BYUtv looking to build community

Published: Wednesday, Aug. 29 2012 11:34 p.m. MDT

PROVO — On his profile found at BYUtvsports.com, "BlueBeard" describes himself as "die-hard" BYU fan from Lehi. He has uploaded a few photos, including a recently taken panoramic view of LaVell Edwards Stadium.

"TemeCoug," from Temecula, Calif., rates rushing the field after the Cougars upset No. 1 Miami in 1990 as his (or her) all-time favorite BYU sports memory.

And after Thursday night's season-opener between BYU and Washington State, those BYUtvsports.com registered users, and many like them, will have much more to discuss.

Unlike other fan sites, though, the innovative, interactive BYUtvsports.com also provides opportunities for fans to immerse themselves in various aspects of the game — in new ways, on various devices, in real time — by linking themselves with BYUtv's vast broadcasting resources, technologies and capabilities.

What BYUtv officials have learned in the year since the football program jumped into independence is that Cougar fans, both nationally and around the world, possess an insatiable hunger for information about BYU sports, and a desire to connect with other fans.

This newest fan feature on BYUtvsports.com, billed as "an online tailgate party," fills that void by uniting on-air product with on-line content.

"We want to build a community," said Ryan Holmes, BYUtv's digital media director. "We want there to be tens of thousands of BYU fans that have profiles on BYUtvsports.com that can share content with each other and connect their content with our content … These days, every fan with a smartphone is a semi-pro videographer. They're uploading photos and putting videos (on the Internet). We wanted a place to aggregate all of that content. So when you go to watch the BYU-Washington State game, there can be a whole bunch of fan content associated with that game that you are able to look at. It's a broadening of the concept, 'We are BYU.'"

BYUtvsports.com also provides fans with the chance to design a personalized BYU jersey, create their own stat sheets, win prizes, and be interviewed by BYUtv sports commentator Dave McCann.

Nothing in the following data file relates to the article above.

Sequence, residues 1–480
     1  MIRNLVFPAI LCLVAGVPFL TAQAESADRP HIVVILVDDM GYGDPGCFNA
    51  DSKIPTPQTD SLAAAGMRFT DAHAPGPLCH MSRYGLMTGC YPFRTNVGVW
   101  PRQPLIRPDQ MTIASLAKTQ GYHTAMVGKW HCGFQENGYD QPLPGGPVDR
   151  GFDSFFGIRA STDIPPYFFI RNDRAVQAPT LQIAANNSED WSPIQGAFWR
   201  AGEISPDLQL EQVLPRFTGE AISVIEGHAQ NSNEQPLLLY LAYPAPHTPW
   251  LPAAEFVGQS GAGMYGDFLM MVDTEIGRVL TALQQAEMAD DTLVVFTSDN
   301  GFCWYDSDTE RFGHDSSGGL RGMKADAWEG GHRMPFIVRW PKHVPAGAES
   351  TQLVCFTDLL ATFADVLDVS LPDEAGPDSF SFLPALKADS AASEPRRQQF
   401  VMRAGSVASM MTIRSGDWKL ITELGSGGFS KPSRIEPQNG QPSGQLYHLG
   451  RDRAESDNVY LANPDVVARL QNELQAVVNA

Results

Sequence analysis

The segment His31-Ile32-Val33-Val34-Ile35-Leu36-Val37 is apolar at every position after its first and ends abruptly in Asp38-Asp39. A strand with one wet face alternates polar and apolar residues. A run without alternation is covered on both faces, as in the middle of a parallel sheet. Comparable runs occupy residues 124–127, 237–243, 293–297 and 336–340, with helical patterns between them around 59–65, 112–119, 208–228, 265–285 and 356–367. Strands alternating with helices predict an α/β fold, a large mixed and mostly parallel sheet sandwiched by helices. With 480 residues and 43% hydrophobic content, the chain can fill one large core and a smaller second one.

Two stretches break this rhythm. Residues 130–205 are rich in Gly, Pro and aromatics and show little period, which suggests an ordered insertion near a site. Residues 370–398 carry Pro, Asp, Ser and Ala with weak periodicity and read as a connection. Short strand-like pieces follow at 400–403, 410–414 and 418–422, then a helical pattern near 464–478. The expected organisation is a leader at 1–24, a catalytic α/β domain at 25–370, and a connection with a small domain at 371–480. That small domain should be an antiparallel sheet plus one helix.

"Sports by its nature is tailor-made for social media, as we're finding out. Social media is really driving the growth of sports broadcasting these days," said Mikel Minor, senior coordinating producer of sports events and programming at BYU Broadcasting and a former ESPN Sports Center producer. "To be able to take that on-air experience, and integrate a social media component that allows the fans to have not only a voice but real interaction with what we're doing with our sports productions is catered to serving that huge appetite for the social media experience that fans crave."

Holmes, a gaming industry veteran, said it's easy for fans to register on the site and become a member of this online community.

"You start out as a one-star recruit and improve your social rank as you interact with the site," he explained. "Fans are able to fill out a profile, they get to pick a jersey, a number, and a sport. The whole objective of this game is to earn enough points by doing things on the site that you progress from recruit, all the way to getting your jersey retired as a 'Legend.' It's all about fun and games. This isn't a message board per se, it's a place for fans to aggregate their media. The hope is to expand the notion of a game. That's the heart of what's going on here — fans playing a game and sharing media. Sure, there are websites out there, like Cougarboard and others, where people do try to share some media, but it's awkward. That's not really what those platforms are designed to do. But that is specifically what this platform is intended to do, and we wrap it in a game mechanic to make it fun."

When it comes to providing access to fans, BYUtvsports.com is breaking new ground, Holmes said.

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